Red Hat CFO departs company three months after IBM merger

This story has been updated to include additional compensation Eric Shander received in fiscal year 2019.

Eric Shander, Red Hat’s chief financial officer, is no longer at the company, Red Hat confirmed in a statement on Thursday.

His departure comes three months after IBM completed its $34 billion purchase of the Raleigh-based company, one of the biggest tech mergers ever completed.

“I can confirm that Eric Shander is no longer at Red Hat,” Stephanie Wonderlick, vice president of corporate communications at Red Hat, said in an email.

Eric_Shander_1_CU (1)
Eric Shander

Wonderlick said Red Hat has named Laurie Krebs, the company’s senior vice president of finance, as his replacement. Krebs previously served in senior roles at Cree and Nortel Networks

“We have confidence that Laurie will help continue and drive Red Hat’s strong momentum, including that resulting from the acquisition by IBM,” Wonderlick said. “Red Hat’s accounting and control functions remain healthy.”

Shander joined Red Hat in November 2015. He became chief financial officer in 2017, taking over the position from Frank Calderoni.

Prior to working at Red Hat, Shander worked at IBM and Lenovo in financial roles.

In fiscal year 2019, the last that it reported as a publicly traded company, Red Hat said it paid Shander about $3.8 million in total compensation, according to a filing with the U.S. Securities and Exchange Commission.

Shander was also in line for a big payday, if he stayed with Red Hat until the one-year anniversary of its merger with IBM.

In June, Red Hat reported to the SEC that it would give Shander a “cash retention award” of $4 million if he stayed with the company for 12 months past the official close of the merger with IBM. The grant was part of an effort to keep top executives from leaving the company because of the merger.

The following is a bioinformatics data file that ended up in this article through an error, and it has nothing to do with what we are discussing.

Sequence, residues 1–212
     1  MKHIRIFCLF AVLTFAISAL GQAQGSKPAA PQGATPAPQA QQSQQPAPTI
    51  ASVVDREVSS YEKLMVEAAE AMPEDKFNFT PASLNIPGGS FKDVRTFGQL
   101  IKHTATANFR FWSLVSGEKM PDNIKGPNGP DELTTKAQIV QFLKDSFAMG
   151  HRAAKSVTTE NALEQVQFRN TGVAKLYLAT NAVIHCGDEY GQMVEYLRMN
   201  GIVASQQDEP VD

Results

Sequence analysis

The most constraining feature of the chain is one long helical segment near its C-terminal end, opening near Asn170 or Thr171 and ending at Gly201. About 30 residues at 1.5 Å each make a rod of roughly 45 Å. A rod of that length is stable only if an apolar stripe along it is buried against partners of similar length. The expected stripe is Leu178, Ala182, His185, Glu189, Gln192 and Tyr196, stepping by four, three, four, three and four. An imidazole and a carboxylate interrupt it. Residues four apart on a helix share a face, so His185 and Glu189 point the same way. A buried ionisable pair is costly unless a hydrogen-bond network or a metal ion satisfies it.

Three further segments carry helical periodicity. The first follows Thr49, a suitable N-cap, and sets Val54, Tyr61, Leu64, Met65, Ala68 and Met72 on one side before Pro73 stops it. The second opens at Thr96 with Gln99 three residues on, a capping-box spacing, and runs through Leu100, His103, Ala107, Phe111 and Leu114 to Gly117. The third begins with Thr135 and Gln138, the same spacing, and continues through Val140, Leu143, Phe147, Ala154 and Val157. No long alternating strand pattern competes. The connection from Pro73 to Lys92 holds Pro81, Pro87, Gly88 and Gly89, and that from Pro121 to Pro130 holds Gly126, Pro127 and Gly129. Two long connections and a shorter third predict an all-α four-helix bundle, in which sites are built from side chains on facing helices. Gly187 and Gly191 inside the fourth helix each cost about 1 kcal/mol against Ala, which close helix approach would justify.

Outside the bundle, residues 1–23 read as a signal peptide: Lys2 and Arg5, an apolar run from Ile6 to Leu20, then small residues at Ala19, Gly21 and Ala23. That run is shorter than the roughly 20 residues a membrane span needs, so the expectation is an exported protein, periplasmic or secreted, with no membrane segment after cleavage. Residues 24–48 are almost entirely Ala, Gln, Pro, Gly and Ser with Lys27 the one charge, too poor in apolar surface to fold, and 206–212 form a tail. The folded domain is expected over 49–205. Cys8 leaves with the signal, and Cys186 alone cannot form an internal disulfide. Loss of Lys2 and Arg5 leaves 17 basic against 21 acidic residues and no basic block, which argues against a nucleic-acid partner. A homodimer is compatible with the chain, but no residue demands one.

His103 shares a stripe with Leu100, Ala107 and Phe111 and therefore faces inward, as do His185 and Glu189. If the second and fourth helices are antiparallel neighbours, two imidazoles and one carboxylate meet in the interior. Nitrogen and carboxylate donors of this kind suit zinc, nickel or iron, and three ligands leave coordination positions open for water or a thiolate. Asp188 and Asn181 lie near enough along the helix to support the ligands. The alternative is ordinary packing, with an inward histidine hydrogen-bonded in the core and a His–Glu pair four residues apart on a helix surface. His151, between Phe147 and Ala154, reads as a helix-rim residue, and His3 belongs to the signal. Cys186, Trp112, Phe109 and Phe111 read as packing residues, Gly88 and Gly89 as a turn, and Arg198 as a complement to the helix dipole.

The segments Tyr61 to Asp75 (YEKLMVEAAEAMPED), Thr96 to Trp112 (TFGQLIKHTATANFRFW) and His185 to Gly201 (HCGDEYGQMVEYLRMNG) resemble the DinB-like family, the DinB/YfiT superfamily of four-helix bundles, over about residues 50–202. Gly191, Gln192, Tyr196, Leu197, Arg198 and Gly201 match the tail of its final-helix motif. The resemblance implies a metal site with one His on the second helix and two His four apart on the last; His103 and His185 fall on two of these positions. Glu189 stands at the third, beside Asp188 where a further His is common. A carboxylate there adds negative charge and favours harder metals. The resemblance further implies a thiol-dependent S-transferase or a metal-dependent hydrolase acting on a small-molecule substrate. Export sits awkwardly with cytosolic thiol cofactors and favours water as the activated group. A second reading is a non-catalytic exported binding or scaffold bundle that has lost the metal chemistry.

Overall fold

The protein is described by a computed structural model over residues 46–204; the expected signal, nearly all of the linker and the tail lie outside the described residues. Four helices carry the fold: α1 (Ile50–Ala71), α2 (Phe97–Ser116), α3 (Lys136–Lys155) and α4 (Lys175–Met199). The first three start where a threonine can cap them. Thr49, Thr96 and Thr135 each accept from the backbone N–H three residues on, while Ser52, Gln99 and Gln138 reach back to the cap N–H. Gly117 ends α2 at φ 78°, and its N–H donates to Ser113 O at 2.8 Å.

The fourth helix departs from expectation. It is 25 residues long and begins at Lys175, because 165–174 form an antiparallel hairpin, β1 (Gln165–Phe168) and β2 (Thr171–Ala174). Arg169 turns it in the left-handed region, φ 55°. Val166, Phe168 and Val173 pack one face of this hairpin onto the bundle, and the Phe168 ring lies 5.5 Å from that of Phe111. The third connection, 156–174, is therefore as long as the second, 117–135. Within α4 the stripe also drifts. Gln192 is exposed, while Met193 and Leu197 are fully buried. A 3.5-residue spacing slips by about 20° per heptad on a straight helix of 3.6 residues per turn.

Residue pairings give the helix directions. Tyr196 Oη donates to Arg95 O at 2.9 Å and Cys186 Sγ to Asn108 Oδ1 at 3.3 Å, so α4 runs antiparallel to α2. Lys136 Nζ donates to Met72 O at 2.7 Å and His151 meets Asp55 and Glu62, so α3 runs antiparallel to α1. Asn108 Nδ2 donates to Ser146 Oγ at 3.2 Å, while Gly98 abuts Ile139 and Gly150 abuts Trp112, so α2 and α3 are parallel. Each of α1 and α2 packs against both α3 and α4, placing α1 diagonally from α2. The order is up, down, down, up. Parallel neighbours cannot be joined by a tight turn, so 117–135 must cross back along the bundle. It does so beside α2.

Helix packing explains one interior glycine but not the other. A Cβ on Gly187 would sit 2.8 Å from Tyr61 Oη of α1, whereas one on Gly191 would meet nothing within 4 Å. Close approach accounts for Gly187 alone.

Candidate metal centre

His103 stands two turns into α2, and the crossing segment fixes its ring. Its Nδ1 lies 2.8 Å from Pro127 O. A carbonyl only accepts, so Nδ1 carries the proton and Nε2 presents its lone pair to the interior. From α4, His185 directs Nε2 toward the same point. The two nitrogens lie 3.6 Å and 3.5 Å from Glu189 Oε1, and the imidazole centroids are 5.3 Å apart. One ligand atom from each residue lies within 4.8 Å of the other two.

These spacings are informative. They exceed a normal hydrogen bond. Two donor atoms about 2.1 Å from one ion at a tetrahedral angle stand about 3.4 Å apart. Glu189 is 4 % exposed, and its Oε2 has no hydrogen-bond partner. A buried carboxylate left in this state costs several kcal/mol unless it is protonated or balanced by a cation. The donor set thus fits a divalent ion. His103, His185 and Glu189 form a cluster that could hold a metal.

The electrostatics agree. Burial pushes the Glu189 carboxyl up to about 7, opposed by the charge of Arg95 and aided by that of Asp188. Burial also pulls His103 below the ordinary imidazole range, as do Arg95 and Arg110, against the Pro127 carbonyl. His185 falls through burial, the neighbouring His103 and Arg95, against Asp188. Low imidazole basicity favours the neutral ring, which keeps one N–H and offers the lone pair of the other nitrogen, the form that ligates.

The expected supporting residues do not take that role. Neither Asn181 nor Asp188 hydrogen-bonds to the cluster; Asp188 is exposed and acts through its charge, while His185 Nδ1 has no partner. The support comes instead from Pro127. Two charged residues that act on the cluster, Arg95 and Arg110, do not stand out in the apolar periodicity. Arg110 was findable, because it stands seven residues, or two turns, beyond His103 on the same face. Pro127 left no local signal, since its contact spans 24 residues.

The grant would have been paid in two installments, with Shander receiving 50% of the grant on the six-month anniversary of the closing date and 50% on the one-year anniversary, if he was still employed by the company.

If he was “involuntarily terminated without cause” before those milestones, Shander was to receive any unpaid portion of the grant, the filing said.

It is unclear whether his departure makes him ineligible for the grant.

“We do not discuss associate relations matters, so I am unable to provide further details,” Wonderlick said.

IBM declined to comment.

IBM is banking that buying Red Hat will give the company an advantage in the cloud technology space. CEO Ginni Rometty has said the deal is crucial to stay competitive in hybrid cloud software, where IBM is competing with tech giants, such as Microsoft, Google and Amazon.

The hybrid cloud — where companies use a mix of on-site, private and third-party cloud services, such as Amazon’s AWS and Microsoft’s Azure — is an emerging $1 trillion opportunity that the companies want to be prepared for, Rometty noted last year.

When the merger was announced, the two companies stressed that Red Hat will remain largely independent as part of the deal, but many in the Raleigh area have worried about a potential culture clash between IBM and the open-source ethos of Red Hat.

IBM has maintained that Red Hat’s headquarters will stay in downtown Raleigh, where it has more than 2,000 employees at its tower, making it one of the city’s largest employers. The company has been downtown since 2013, when it moved from N.C. State University’s Centennial Campus, bringing around 600 employees at the time. Worldwide, the company had approximately 12,600 employees as of August 2018.

IBM also has a large office in Research Triangle Park, where it employs thousands.

This story was produced with financial support from a coalition of partners led by Innovate Raleigh as part of an independent journalism fellowship program. The N&O maintains full editorial control of the work. Learn more; go to

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Zachery Eanes is the Innovate Raleigh reporter for The News & Observer and The Herald-Sun. He covers technology, startups and main street businesses, biotechnology, and education issues related to those areas.